Dempsey first ‘distinguished emeritus’
On the morning of May 21, a Wednesday, Wes Dempsey walked arm in arm with his wife, Phyllis, into the courtyard of Chico State’s Physical Sciences building.
His presence was magnetic. The 50 or so College of Natural Sciences professors and faculty who had been waiting for the Dempseys’ arrival turned away from their conversations about retirement and summer vacations to direct their attention toward the couple.
Pairs of people took turns greeting and congratulating Dempsey as conversation turned to his achievements, his personality and his deserving of the college’s inaugural Distinguished Emeritus Award.
“The College of Natural Sciences wanted to develop a way to recognize retired faculty,” said Leslie Schibsted, the college’s director of advancement. “We recognize that when people retire they still continue to serve the college and give back to the community.”
The award is the first of its kind on campus—Schibsted said the college is “piloting” the program for the university.
A biology professor from 1954 until 1992, Dempsey stayed connected to the university and community through his work on the campus Arboretum Committee. He’s led more than 1,000 nature tours of the campus and Bidwell Park. As a member of and field-trip coordinator for the California Native Plant Society, he coordinates several group hikes each year in Upper Bidwell Park featuring educational information about local plant life and how the Native Americans used various food and plant resources.
Since retiring he’s held the title of professor emeritus.
In his introduction of Dempsey, University President Paul Zingg referenced a Chico News & Review article that named Dempsey a “local hero” in 2004. Zingg marveled at Dempsey’s last quotation, which summarized best why he truly “set the bar” for the college’s inaugural Distinguished Emeritus Award.
“I’m a teacher,” Dempsey said.
While Dempsey’s friends and colleagues mingled in the courtyard, he stepped aside for an interview.
During a stroll through campus along the creek, Dempsey’s natural ability to educate shone forth.
Barely three steps into our stroll, the 82-year-old motioned he wanted to stop. He spotted Mahonia aquifolium, commonly known as the Oregon grape. Indians crushed and dried the roots of this plant to use the powder as an eye ointment when treating infection, he explained.
A few more steps and he gazed up a valley oak tree. Its acorns provided half the caloric intake for the Indians who settled in the North Valley, he said.
Along the south side of Big Chico Creek, Gen. John Bidwell planted valley oaks. Along the north side he planted chestnut trees.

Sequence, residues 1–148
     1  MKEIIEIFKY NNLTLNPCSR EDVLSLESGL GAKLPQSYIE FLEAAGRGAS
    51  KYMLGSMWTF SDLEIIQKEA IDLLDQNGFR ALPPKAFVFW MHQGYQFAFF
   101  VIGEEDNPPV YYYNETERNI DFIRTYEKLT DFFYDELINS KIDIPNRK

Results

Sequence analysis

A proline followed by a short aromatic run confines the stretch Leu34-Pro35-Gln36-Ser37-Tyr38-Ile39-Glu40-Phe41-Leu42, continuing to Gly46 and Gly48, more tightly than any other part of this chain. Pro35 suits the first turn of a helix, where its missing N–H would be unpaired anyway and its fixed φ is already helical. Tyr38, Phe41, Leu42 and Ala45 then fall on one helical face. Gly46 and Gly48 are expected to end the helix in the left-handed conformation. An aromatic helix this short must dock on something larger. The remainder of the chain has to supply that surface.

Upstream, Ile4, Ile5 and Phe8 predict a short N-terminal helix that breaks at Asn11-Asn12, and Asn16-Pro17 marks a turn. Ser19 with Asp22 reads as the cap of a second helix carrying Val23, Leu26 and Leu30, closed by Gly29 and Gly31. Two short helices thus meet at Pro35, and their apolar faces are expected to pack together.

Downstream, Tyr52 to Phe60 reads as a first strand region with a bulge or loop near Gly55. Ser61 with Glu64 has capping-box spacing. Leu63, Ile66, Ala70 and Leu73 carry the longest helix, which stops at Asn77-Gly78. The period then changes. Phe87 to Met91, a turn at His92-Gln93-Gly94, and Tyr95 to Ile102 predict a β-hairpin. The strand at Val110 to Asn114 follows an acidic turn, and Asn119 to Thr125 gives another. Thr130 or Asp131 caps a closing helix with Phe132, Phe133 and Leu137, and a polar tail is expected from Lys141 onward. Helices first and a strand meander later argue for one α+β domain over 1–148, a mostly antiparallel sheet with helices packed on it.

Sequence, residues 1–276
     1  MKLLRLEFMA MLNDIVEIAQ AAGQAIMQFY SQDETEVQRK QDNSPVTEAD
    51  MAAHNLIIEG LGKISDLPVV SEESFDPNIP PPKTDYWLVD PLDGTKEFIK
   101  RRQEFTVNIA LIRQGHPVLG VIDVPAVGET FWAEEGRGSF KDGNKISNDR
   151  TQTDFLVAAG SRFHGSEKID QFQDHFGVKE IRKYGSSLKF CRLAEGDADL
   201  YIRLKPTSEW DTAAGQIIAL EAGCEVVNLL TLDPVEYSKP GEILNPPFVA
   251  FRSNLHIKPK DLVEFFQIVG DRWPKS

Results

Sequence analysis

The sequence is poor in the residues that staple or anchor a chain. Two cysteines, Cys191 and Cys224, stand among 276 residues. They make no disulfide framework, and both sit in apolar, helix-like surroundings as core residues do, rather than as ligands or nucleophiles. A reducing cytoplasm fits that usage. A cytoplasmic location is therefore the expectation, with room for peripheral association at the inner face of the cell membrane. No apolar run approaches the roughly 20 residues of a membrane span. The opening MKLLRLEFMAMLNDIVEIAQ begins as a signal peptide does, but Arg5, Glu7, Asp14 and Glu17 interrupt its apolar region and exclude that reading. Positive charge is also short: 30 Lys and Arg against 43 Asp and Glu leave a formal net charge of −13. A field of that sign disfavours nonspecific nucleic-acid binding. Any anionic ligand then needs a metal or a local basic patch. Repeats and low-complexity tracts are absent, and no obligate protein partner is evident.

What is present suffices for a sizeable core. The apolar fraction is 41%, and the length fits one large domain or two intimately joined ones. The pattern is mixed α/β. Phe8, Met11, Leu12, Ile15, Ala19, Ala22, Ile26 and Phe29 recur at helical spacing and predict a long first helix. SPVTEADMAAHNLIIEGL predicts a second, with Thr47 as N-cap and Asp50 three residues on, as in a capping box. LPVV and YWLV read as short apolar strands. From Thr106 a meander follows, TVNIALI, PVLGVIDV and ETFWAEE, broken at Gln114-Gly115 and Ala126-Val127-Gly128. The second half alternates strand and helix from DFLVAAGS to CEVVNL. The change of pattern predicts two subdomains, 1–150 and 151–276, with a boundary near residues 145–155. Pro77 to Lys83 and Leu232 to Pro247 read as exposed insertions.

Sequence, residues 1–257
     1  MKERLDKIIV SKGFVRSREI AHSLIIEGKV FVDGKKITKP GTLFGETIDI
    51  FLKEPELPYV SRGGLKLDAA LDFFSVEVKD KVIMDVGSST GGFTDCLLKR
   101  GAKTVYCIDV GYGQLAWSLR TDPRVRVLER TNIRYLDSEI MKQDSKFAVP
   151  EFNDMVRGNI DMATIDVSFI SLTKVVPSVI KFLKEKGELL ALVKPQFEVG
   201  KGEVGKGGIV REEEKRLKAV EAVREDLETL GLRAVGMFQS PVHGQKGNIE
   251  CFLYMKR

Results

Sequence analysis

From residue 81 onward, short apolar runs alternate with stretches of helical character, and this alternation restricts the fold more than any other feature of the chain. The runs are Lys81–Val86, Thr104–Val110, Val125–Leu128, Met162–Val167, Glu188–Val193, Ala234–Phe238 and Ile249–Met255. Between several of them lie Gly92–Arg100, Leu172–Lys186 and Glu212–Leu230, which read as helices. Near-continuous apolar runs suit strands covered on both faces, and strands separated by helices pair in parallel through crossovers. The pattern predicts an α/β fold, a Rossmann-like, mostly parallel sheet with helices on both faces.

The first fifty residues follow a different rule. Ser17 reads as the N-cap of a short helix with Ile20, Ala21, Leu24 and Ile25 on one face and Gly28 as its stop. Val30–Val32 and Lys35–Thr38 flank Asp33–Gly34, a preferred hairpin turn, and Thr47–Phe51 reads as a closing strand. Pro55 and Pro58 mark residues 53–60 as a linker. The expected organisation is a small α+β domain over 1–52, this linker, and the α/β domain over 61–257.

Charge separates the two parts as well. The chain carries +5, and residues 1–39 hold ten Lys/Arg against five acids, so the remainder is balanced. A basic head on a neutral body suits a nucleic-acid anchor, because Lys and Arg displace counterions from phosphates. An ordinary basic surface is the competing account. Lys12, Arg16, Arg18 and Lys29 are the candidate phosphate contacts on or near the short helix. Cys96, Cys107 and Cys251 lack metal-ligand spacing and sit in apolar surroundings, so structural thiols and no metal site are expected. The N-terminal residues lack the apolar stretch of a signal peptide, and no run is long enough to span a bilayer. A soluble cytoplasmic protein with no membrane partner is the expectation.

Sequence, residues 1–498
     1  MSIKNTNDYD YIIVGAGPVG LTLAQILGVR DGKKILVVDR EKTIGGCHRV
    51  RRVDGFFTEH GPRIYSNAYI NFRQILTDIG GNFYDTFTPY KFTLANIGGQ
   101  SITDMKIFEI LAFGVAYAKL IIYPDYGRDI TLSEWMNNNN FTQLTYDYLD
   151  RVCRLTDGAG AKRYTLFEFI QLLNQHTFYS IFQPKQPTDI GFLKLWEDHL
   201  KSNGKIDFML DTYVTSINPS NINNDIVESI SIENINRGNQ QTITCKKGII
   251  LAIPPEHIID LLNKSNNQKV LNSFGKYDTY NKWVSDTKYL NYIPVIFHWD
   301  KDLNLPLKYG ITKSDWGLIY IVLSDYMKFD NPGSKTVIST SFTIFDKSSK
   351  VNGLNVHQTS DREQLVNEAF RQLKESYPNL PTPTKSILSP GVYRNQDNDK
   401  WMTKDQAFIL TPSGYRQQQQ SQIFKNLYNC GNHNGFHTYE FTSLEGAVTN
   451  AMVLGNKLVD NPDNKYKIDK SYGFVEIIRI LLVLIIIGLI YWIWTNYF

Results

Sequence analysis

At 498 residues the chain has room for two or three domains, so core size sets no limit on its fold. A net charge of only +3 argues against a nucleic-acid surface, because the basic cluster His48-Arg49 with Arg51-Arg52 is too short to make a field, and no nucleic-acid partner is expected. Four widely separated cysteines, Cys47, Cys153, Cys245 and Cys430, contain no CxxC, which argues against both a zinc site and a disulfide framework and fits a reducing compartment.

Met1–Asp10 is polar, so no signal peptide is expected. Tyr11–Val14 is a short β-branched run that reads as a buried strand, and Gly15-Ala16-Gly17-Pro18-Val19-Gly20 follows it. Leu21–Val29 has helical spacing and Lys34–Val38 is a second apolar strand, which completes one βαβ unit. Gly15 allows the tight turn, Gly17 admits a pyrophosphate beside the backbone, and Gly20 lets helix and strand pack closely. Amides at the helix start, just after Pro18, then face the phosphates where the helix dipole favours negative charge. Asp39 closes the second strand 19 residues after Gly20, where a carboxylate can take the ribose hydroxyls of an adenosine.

“Whenever one of these died, I would come out and count the rings,” Dempsey said, patting a chestnut near the creek outside Holt Hall. “They all date back to 1870, so this is a 138-year-old tree.”
In 1954, Dempsey was hired as the second professor in the Agriculture Department. He later moved to the Department of Biological Sciences.
In his 38 years at the university, Dempsey taught 33 different courses, which is more than “any one human could possibly know,” he said, as we returned to the Physical Sciences Building. “I remember lecturing while I was flipping the page in the textbook to read the next page so I would know what to say next.”
He came to Chico State after receiving a Ph.D. in plant genetics from UC Davis. He grew up on the East Coast, where his father was a professor of horticulture at the University of Massachusetts.
“We weren’t in Amherst,” Dempsey said. “I grew up surrounded by plants on a field station where I’d play in the greenhouses.”
He taught at Eagle Lake Field Station in Lassen County from 1979 to 1991, in addition to the regular courses and labs he taught in the biological sciences. Highlights of his career include an NSF Science Faculty Fellowship in Genetics and visiting professorships at the University of Canterbury in Christchurch, New Zealand, from 1980 to 1981 and at the University of Western Australia in Perth in 1987.
Dempsey and his wife have raised four sons. Dave is a professor teaching meteorology at San Francisco State. Tom has retired from Microsoft, while Paul continues to work for the corporation as a software engineer. The Dempseys’ youngest son, Jim, works as a habitat restoration scientist for California State Parks.
The man has been an inspiration to thousands of students as well as to his many colleagues, said Ailsie McEnteggart, chair of Biological Sciences.
“Wes’ continuing involvement in many conservation projects in the community as well as in campus life through his popular arboretum tours and plantings of native species is an amazing commitment,” she said. “I can think of no one more deserving of this honor and am delighted at this recognition of his life’s work.”